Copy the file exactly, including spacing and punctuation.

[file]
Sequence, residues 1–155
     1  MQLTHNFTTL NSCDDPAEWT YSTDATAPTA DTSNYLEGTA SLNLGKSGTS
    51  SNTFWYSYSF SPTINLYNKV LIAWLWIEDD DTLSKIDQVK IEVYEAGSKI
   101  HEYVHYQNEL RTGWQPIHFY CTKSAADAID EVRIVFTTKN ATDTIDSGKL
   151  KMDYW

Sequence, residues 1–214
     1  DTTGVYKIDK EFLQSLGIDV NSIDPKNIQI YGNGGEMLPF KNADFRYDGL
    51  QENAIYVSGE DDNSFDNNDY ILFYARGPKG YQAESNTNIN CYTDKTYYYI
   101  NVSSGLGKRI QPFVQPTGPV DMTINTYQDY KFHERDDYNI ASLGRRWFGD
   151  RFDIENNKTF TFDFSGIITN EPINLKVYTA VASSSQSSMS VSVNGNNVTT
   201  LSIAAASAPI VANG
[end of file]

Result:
Sequence, residues 1–155
     1  MQLTHNFTTL NSCDDPAEWT YSTDATAPTA DTSNYLEGTA SLNLGKSGTS
    51  SNTFWYSYSF SPTINLYNKV LIAWLWIEDD DTLSKIDQVK IEVYEAGSKI
   101  HEYVHYQNEL RTGWQPIHFY CTKSAADAID EVRIVFTTKN ATDTIDSGKL
   151  KMDYW

Sequence, residues 1–214
     1  DTTGVYKIDK EFLQSLGIDV NSIDPKNIQI YGNGGEMLPF KNADFRYDGL
    51  QENAIYVSGE DDNSFDNNDY ILFYARGPKG YQAESNTNIN CYTDKTYYYI
   101  NVSSGLGKRI QPFVQPTGPV DMTINTYQDY KFHERDDYNI ASLGRRWFGD
   151  RFDIENNKTF TFDFSGIITN EPINLKVYTA VASSSQSSMS VSVNGNNVTT
   201  LSIAAASAPI VANG